Ahead of the Assembly elections, the strapped-for-funds Janata Dal (Secular) has received some respite in the form of electoral bonds worth ₹6 crore.

The first tranche of the first-ever electoral bonds was issued through select State Bank of India branches across the country between March 1 and 10. “At a time when we were struggling to raise money, we received ₹6 crore worth of electoral bonds,” JD(S) chief and former Prime Minister and H.D. Deve Gowda told The Hindu recently.

While the JD(S) split from the erstwhile Janata Dal in 1999, the party was part of a coalition government with the Congress first and then the BJP between 2004 and 2007. It has since never been in a position of power.

According to Mr. Gowda, the party requires between ₹30 crore and ₹40 crore to fund the elections. “Someone handed over the bonds to me. I have given authority to (former Chief Minister and party State president) H.D. Kumaraswamy to sign and utilise the money for election expenses,” said Mr. Gowda without identifying the donor.

Incidentally, in an analysis conducted by the Association for Democratic Reforms (ADR), which was released recently, the JD(S) and YSR Congress were the only two political parties among the 20 assessed to have declared negative amount in their capital or reserve funds between 2011-2012 and 2015-2016. The analysis revealed that the JD(S) spent ₹16.24 crore during the period without any income.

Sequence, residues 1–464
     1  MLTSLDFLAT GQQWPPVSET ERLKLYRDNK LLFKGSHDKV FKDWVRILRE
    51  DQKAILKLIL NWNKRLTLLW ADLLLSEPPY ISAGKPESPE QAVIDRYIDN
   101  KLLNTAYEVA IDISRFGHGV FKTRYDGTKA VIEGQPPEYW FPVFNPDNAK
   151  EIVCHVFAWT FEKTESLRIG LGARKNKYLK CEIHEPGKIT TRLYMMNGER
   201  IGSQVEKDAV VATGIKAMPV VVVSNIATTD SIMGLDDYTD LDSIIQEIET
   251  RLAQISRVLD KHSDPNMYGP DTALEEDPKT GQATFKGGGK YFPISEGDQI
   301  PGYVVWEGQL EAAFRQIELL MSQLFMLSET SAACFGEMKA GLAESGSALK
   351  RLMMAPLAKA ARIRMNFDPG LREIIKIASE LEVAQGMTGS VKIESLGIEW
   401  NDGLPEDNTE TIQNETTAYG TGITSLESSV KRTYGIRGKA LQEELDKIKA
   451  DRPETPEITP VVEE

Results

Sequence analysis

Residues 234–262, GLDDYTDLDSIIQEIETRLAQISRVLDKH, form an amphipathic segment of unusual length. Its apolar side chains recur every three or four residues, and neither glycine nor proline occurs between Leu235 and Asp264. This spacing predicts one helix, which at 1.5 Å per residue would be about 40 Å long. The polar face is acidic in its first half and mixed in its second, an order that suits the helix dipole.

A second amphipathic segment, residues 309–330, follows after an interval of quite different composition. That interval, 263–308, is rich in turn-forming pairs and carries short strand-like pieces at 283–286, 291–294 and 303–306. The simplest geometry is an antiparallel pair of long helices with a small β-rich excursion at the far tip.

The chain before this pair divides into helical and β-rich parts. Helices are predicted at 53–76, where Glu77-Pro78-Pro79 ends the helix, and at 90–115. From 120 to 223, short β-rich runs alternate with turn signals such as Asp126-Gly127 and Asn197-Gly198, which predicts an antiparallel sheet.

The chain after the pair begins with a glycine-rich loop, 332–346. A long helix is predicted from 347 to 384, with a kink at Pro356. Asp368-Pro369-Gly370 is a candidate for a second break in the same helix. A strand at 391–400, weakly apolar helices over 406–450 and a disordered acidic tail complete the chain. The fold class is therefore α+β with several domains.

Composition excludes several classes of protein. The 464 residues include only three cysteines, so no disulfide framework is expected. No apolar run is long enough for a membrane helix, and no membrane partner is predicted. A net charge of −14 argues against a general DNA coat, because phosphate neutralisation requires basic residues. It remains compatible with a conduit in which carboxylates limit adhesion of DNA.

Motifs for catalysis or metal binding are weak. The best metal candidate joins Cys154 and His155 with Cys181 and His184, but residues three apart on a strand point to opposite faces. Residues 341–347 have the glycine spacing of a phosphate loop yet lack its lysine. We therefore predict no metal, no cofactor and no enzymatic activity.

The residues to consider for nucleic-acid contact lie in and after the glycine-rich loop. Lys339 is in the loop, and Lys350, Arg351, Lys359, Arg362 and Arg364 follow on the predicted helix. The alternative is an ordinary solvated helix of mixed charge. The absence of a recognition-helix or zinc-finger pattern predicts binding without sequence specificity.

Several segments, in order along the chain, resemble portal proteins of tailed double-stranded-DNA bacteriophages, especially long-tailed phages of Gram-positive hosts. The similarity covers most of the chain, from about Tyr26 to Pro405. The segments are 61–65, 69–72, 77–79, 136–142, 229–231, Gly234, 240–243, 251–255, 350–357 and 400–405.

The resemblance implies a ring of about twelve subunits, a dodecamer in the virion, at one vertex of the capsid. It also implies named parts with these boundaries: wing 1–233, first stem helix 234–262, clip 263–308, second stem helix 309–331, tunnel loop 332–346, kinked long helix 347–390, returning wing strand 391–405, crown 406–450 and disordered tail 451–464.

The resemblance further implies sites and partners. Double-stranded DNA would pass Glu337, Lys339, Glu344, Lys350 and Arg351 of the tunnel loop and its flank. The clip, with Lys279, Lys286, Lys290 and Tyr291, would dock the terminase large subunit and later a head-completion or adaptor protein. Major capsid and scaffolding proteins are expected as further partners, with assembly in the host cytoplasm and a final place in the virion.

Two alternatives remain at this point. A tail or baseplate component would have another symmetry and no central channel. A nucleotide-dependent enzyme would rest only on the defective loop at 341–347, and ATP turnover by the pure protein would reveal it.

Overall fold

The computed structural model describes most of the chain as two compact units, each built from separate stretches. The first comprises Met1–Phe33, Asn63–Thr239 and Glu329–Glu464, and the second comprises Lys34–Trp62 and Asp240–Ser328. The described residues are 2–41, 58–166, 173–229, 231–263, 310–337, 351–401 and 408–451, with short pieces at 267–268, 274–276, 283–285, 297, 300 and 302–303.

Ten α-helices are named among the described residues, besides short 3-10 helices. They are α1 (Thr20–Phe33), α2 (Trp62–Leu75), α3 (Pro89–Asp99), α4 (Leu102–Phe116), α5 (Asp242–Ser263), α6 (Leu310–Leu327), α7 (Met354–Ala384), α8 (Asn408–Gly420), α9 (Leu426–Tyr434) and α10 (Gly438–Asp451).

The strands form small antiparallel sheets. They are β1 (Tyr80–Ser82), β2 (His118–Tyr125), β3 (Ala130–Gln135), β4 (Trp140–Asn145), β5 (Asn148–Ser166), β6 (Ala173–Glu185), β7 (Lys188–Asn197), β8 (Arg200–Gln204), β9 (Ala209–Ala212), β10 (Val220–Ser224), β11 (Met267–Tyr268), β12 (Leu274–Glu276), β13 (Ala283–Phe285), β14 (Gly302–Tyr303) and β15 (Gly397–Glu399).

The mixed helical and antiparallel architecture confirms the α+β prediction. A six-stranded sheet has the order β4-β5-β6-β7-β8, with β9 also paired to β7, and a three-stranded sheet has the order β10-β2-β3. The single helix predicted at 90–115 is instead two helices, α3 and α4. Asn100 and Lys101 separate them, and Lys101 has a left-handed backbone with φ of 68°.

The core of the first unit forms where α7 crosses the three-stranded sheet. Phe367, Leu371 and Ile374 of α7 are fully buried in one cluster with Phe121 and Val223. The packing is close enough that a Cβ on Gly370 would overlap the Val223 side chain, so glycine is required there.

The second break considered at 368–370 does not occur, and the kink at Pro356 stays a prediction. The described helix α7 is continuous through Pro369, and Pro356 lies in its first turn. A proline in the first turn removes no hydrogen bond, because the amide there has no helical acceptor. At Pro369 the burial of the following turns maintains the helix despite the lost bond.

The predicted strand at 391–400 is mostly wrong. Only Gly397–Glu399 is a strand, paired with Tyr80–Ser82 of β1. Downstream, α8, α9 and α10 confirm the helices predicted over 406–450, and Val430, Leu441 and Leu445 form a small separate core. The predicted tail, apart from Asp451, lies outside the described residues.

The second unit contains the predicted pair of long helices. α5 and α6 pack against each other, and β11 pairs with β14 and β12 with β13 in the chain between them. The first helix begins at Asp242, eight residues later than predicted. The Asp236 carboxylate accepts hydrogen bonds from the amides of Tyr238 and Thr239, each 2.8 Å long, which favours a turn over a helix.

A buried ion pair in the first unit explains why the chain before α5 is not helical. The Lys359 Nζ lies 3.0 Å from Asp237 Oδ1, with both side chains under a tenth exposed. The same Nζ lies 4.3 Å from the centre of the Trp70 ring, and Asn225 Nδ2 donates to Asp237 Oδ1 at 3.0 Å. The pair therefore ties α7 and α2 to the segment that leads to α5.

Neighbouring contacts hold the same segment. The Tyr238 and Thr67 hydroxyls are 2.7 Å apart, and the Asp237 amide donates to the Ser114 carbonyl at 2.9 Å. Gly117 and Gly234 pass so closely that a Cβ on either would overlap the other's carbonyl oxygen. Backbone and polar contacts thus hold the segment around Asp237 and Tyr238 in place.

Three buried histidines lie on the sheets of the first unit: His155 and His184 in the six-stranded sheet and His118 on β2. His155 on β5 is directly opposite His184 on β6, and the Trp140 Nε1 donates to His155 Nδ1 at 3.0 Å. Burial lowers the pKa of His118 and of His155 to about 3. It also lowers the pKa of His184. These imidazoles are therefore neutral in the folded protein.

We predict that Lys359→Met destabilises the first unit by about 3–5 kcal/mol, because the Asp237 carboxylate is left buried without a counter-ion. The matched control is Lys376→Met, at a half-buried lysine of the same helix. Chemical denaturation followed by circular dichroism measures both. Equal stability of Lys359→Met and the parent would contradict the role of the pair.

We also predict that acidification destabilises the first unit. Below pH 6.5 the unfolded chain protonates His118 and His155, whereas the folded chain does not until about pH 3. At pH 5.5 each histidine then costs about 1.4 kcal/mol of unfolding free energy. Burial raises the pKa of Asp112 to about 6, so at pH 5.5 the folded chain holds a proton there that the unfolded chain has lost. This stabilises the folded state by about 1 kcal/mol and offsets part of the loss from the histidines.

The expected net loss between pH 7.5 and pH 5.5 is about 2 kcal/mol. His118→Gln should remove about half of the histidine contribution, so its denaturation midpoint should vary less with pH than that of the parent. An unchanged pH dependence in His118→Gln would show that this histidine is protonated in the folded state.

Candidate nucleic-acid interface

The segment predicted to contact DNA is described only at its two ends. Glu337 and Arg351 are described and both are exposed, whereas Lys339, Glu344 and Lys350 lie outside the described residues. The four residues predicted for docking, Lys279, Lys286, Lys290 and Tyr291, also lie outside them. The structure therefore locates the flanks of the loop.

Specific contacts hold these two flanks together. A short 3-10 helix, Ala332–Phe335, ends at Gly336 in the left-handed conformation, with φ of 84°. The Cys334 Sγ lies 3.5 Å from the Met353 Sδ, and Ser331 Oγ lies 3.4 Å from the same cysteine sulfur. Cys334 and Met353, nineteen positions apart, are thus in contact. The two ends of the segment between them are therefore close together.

According to the ADR survey, the party’s borrowing from banks, overdraft and sundry creditors was ₹2.04 crore in 2011-2012. The cumulative amount went up to ₹18.73 crore by 2015-2016. The highest borrowing — ₹7.04 crore — was in 2015-2016.

“I do not go to anybody [seeking funds]. In the past, I have taken loans, including from private financiers, to protect the party,” said Mr. Gowda, who has previously spoken about the problem of fundraising for the party in the public.

What is an electoral bond?

Electoral bonds aim to account for the money donated to political parties and are expected to clean the system of political funding. It was mooted in the 2017-2018 Union Budget, and the first window opened between March 1 and March 10. Political parties that garnered at least 1% of votes in the recent Parliamentary or Assembly elections will be able to receive donations through bonds. The bonds are like promissory notes and the parties have to encash them through their Election Commission-verified bank account within 15 days. However, the EC has expressed concern about excluding electoral bonds from being reported as it could impact transparency in political financing.

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